Communities from all across the city were represented, including Somali, Congolese, Senegalese, Bangladeshi, Sudanese, Pakistani, Eritrean, Guinean, Yemeni and Chinese, and it was interesting to hear more about how observing Ramadan impacts exercise and  work routines through the month.

But we weren’t there to chat. The warm-up showed that there was plenty of talent on show and piledriving shots were flying in from everywhere – this was going to be a proper game.

We kicked off and, although the others may have just eaten a big meal to break their fast, there was no holding back. It was fast and frantic, and there was no time to be worrying about sleep.

These days, I am used to playing five-a-side on small pitches which stops when the ball goes over head-high, so it was a great change to play nine-a-side on the bigger pitch.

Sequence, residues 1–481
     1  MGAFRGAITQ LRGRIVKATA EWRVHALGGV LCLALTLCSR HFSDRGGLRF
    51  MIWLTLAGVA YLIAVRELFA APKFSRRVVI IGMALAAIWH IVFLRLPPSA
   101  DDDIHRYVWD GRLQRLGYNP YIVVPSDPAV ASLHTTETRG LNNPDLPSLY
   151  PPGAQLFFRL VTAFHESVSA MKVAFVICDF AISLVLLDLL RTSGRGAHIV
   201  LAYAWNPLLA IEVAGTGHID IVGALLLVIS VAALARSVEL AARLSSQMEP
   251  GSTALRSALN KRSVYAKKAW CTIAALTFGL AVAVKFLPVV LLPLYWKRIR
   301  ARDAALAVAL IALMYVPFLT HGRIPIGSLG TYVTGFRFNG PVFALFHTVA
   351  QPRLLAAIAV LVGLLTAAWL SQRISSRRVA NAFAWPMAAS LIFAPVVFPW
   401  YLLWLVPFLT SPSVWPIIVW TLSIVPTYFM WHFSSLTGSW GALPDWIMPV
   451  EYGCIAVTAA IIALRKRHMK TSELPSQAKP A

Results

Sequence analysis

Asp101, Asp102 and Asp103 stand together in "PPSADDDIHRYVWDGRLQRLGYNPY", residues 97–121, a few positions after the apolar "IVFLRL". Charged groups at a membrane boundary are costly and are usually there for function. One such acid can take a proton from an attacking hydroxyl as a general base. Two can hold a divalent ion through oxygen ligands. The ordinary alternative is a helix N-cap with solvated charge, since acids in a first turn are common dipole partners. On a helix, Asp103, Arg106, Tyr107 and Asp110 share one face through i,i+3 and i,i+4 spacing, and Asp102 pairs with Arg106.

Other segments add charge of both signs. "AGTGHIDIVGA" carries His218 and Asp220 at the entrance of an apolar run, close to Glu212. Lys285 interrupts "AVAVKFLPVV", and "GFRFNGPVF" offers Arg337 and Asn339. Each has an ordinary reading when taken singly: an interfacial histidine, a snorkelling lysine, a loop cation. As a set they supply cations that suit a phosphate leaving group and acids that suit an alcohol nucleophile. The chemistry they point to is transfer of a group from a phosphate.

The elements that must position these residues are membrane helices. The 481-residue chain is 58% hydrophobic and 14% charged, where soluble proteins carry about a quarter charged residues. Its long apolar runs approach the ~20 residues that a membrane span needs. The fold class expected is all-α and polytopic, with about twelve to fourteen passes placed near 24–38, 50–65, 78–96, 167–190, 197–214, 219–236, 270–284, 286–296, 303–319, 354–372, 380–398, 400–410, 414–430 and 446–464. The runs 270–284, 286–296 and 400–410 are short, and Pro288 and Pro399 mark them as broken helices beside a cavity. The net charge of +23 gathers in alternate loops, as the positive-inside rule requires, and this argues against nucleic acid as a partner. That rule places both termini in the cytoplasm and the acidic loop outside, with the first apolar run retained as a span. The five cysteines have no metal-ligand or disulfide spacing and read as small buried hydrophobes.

I put some tackles in, chased long balls over the top, got beaten by some ridiculous skills and basically just tried to keep up.

The session flew by and it was thoroughly enjoyable (apart from when I blazed my best chance over the bar), and it was 2am before I knew it. There was food afterwards (watermelon and biryani on offer to all) as the fast started again at 3am.

The sessions are happening again at weekends for the next month, and if you were interested in getting involved, Simon would be delighted to hear from you.

Marathon-training permitting, I hope to get along again – partly because I strongly believe it is so important for communities to interact and sport is a great unifier, but also because I am gutted I missed that chance in front of goal and I would like to put that right.

Thanks to BME Sport Cymru and all the players for the game. Da iawn pawb.

More information and contact details on Twitter at @SportsBme

(I know this post isn’t about running as such, but I did do a lot of running on the pitch)